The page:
Heaven Is Falling     Brett Gurewitz's Interpretation


"This song was added to the Generator album last minute in response to America's declaration of war on Iraq.  King George is president George Bush his rainbow cabinet is the united nations.  This line tries to show how much pull the U.S. have over the U.N.   The song takes the American soldiers point of view -  dealing with having to fight in  a war that he may not agree with."



"'Heaven Is Falling' was written during the Gulf War, so it reflects a lot of anti-war sentiment. The whole song is written from the point of view of a soldier. This is how I interpret this song. 'As I walk beneath the valley I shall fear no evil' -this line is about a soldier going into battle. 'For thanks to King George and his rainbow cabinet today murder is legal' -this line refers to the president at the time, George Bush, and his rainbow cabinet. 'God I know that it's wrong to kill my brother for what he hasn't done' -this line has a lot to do with any type of war. When a soldier fights in battle he is killing his brother for something neither of them had anything to do with. During war people kill each other for something that the leaders of their countries started, not them. 'And as the planes blacken the sky It sounds like heaven is falling It sounds like heaven is falling You promised me a new day was dawning' -Graffin paints a very vivid portrayal of a place being bombed. It's scary just to think about. Planes blackening the sky; heaven falling. Graffin makes a point just how horrible it is when any place is bombed. also in the line 'You promised me a new day was dawning,' Graffin is trying to say that leaders are talking about peace and a better way to solve things, and then they go off and something like the Gulf War happens. 'I've seen a thousand points of light Like so many points of hatred, shame, and horror' This line basically says how war brings about hatred, shame, and horror. 'God I wanna be a man But I don't wanna die with a rifle in my hand' -this is probably my favorite line of this song. A lot of the time when a man doesn't want to go to war, or is against war, he is thought of as a coward, and not a man. From the point of view of this soldier, he wants to be a man, but he doesn't want to have to prove it by dying. 'Well nothing here looks new to me but score of mother's sons caught between the devil and the deep blue sea' -this line has to do with how this war is nothing new, and that it has happened all to many times. This is what I think Graffin meant when he wrote this song. I could be wrong on a few things, though."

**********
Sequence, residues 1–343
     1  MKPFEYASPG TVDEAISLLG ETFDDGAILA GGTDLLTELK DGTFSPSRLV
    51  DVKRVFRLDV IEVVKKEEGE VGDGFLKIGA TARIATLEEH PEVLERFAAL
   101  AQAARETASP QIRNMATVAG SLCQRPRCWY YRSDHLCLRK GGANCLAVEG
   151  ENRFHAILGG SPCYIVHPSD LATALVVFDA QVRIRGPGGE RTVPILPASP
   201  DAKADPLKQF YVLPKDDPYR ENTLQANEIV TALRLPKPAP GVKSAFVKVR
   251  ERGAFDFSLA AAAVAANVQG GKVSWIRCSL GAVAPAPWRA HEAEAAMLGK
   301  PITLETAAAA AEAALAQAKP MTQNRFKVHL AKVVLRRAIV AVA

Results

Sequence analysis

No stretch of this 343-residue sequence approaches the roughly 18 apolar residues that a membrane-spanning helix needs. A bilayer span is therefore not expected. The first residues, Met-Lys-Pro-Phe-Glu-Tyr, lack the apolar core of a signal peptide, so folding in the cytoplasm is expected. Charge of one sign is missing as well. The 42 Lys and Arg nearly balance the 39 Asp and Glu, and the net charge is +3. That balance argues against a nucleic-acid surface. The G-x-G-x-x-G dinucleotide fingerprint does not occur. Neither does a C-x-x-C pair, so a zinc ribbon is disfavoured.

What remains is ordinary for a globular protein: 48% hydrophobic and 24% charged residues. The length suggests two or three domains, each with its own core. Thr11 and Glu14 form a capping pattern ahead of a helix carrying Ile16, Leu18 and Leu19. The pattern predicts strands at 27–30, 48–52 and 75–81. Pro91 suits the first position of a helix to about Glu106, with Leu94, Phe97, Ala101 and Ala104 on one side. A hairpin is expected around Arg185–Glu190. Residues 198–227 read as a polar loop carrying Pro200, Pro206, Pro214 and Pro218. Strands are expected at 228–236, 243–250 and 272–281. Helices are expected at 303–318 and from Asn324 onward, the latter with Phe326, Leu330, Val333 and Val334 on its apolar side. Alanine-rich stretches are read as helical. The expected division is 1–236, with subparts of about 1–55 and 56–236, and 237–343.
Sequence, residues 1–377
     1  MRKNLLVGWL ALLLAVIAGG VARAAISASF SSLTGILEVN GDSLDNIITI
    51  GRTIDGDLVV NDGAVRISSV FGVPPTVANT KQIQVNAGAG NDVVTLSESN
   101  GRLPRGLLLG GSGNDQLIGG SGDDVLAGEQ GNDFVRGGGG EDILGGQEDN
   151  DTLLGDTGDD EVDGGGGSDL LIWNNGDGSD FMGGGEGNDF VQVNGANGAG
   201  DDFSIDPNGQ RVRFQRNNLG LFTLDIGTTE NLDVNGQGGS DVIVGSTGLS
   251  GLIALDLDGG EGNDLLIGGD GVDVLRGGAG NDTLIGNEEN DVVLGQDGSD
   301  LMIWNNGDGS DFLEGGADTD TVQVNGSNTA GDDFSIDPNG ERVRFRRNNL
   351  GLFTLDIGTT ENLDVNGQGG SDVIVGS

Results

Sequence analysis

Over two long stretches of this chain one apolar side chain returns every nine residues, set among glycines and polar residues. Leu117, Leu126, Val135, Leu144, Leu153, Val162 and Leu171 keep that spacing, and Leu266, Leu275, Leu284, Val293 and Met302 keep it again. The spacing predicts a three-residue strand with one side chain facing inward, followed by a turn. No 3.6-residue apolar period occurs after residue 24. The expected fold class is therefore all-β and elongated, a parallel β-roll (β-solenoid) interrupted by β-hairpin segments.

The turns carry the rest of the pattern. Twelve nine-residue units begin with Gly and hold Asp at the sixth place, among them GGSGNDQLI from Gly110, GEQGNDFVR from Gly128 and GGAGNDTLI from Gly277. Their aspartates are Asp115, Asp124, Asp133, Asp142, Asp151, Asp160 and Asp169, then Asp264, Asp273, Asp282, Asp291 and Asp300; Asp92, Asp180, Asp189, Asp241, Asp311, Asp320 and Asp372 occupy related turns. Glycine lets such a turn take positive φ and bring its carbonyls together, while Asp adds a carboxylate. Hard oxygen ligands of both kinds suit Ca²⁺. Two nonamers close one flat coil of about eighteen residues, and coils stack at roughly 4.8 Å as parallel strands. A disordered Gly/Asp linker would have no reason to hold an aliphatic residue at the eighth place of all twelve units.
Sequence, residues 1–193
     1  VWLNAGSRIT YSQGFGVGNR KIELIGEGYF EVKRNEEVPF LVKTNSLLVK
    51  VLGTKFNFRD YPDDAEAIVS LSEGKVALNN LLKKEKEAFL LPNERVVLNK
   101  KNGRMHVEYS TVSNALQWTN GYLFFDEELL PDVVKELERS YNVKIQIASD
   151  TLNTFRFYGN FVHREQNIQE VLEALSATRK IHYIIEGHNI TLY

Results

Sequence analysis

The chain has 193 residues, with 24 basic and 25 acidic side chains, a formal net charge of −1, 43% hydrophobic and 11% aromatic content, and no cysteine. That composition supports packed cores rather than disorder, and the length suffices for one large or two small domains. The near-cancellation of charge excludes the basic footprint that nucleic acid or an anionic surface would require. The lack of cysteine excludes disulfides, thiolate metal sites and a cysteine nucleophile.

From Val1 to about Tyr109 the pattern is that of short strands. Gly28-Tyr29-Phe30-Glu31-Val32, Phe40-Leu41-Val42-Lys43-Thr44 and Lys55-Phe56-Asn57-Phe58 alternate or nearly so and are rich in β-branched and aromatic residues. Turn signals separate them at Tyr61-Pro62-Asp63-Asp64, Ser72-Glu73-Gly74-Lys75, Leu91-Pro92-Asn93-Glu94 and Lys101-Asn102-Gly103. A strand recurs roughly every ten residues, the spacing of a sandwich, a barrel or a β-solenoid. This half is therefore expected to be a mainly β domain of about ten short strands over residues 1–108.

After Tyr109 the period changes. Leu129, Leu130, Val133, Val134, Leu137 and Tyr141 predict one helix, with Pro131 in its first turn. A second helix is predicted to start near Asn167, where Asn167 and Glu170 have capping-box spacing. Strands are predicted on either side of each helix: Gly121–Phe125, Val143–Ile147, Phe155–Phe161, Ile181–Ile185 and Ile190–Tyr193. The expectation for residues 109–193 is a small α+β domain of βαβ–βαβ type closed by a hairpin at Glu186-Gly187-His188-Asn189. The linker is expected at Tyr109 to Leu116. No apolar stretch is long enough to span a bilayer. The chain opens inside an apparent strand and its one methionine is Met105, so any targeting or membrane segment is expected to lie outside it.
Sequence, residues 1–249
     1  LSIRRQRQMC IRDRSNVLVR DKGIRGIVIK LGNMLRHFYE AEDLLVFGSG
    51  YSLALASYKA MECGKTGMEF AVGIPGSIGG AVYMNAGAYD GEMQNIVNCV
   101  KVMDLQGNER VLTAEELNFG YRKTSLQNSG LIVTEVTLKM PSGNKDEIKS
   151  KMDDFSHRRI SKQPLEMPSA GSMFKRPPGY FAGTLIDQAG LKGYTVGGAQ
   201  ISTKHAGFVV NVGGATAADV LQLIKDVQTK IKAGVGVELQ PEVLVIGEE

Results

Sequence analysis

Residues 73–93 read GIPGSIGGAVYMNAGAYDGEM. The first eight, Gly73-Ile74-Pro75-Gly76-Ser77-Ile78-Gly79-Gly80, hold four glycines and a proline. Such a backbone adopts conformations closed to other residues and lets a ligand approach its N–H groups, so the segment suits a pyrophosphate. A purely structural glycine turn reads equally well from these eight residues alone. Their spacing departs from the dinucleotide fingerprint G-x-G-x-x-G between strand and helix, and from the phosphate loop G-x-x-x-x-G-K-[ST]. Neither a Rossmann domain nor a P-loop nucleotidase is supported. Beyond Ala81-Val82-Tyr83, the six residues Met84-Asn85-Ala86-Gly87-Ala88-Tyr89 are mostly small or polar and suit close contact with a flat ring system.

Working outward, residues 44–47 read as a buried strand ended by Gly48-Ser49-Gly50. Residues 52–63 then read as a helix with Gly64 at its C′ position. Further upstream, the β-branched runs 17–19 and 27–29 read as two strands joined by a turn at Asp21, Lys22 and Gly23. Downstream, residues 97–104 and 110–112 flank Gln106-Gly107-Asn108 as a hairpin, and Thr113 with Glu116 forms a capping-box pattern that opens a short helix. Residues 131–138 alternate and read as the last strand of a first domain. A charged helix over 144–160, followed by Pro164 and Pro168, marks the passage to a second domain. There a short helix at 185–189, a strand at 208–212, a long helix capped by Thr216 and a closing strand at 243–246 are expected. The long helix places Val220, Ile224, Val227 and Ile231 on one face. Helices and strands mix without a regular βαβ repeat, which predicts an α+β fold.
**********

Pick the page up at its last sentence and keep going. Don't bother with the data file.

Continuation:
"To Halushka: The lyrics were written by Brett Gurewitz not Greg Graffin."



"I have always loved this song, not only for it's message, but for the musical momentum behind it.  the band LDfifty, in one off its few covers, play it out passionately as a commentary on the happenings of today starting with and stemming from the September 11th terrorist attacks.  I know that this was not the message intended by Bad Religion at the time, but HOW PROPHETIC!!!  Here we are ten years later and, again, we have 'King George (Bush) and his rainbow cabinet (the U.N.)' stating 'today murder is legal (the hunt to find and assassinate Osama bin Laden).'  While not completely, the song, eerily, almost applies MORE today then back in 1991.  With the attacks being addressed this time taking place on American soil, the messages definitely strikes a more vivid chord with all American fans.  With the obvious imagery of the WTC that morning and with religious disagreements being the core issue behind all of these happenings, it is hard not to appreciate the repeated bridge, 'as the planes blacken the sky, it sounds like heaven is falling'. It gives me chills. Comments?  What do you think?  Write me at rye06224@aol.com"



"When Festy says this song was disturbingly prophetic he was exactly right.  The opening line states 'As I walk beneath the valley, I shall fear no evil' -- a quotation from the bible that King George II used in his address to the nation following Sept. 11."